Publication

Back to overview

Reactions of sheep towards three sets of emotional stimuli: (In)Consistency in respect to stimulus valence and sheep identity

Type of publication Peer-reviewed
Publikationsform Review article (peer-reviewed)
Publication date 2016
Author Gygax Lorenz, Vögeli Sabine,
Project Interplay of mood and stimulus valence on emotional cortical activation
Show all

Review article (peer-reviewed)

Journal Applied Animal Behaviour Science
Volume (Issue) 174(1)
Page(s) 51 - 57
Title of proceedings Applied Animal Behaviour Science
DOI 10.1016/j.applanim.2015.11.015

Abstract

There is an increasing interest in affective states in applied animal behaviour science, because these states are thought to reflect welfare from the perspective of the animals. Also, it can be expected that individuals differ in how they consistently react to emotional challenges. Recently, we conducted three experiments in which the same sheep were repeatedly confronted with either physical, social or thermal stimuli that presumably varied in their valence. These sheep had been housed in either unpredictable, stimulus-poor or predictable, stimulus-rich housing conditions in order to manipulate their long-term mood. When the sheep were exposed to the stimuli, we measured general activity, ear movements, ear postures and frontal cortical haemodynamic changes as indicator variables for their emotional reaction. In the meta-analysis presented here, we searched for effects of the presumed valence and mood state on the indicator variables. Furthermore, we investigated the unexplained between- versus within-subject variability as an indicator of personality. Deoxy- [HHb] and oxy-haemoglobin concentrations [O2Hb] as well as general activity showed weak linear relationships with presumed valence. Sheep from the unpredictable, stimulus-poor housing conditions were generally more active and showed more ear movements, higher absolute [HHb], more transverse ears and less left-forward ears than sheep from the predictable, stimulus-rich housing conditions. However, these differences were small. The ratio of between- to within-individual variability was very low indicating little consistency in individual reactions. In conclusion, we found only weak evidence that presumed valence had a consistent effect on the indicator variables for emotional reactions in a given sheep, and these reactions were not modulated by presumed mood. Also, there was little indication that the sheep reacted in a way reflecting an individualised personality.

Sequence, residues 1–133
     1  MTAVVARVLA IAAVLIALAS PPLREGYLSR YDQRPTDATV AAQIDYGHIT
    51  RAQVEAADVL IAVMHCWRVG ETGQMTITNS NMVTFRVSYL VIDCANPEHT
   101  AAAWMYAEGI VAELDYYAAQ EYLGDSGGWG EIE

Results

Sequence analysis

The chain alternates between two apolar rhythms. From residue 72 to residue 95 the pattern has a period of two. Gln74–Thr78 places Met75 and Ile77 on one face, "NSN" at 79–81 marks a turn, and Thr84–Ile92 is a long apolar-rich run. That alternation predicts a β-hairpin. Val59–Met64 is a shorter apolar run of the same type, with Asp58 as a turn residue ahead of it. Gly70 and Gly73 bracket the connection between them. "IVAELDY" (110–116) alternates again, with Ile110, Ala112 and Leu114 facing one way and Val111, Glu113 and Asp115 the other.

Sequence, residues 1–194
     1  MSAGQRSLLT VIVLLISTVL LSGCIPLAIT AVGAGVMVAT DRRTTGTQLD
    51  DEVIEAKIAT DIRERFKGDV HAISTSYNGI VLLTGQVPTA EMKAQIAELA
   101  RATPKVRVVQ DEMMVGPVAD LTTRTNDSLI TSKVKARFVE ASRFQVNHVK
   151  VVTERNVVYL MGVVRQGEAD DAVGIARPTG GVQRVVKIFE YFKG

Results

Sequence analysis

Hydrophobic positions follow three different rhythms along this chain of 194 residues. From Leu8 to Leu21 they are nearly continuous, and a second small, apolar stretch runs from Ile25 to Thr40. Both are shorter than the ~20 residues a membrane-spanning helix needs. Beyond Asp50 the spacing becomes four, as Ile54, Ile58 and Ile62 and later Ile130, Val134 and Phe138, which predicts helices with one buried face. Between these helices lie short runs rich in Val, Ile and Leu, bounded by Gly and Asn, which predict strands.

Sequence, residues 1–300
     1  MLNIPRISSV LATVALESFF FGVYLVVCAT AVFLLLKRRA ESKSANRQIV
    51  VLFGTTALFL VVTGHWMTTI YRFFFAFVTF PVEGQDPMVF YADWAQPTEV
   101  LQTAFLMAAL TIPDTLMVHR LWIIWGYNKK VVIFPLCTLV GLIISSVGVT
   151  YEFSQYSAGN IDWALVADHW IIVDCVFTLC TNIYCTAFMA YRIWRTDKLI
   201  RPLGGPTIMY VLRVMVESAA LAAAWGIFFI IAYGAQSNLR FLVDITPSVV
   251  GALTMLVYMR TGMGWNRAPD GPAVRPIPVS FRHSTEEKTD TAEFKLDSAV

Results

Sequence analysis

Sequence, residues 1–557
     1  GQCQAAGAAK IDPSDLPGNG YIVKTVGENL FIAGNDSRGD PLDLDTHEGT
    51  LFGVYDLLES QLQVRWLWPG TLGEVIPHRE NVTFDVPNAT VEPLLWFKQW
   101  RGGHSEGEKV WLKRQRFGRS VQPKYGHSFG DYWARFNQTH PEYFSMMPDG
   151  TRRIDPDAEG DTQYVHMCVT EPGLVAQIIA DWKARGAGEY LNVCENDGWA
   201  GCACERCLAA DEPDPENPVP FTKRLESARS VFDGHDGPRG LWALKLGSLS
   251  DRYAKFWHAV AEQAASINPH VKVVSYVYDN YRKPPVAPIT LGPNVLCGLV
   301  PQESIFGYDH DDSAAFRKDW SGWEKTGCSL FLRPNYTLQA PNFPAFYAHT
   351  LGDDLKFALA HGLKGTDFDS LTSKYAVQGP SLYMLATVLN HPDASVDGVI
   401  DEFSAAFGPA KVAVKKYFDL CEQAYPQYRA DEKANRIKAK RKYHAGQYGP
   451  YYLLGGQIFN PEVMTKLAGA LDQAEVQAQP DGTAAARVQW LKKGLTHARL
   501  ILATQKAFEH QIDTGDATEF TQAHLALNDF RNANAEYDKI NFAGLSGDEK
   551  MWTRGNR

-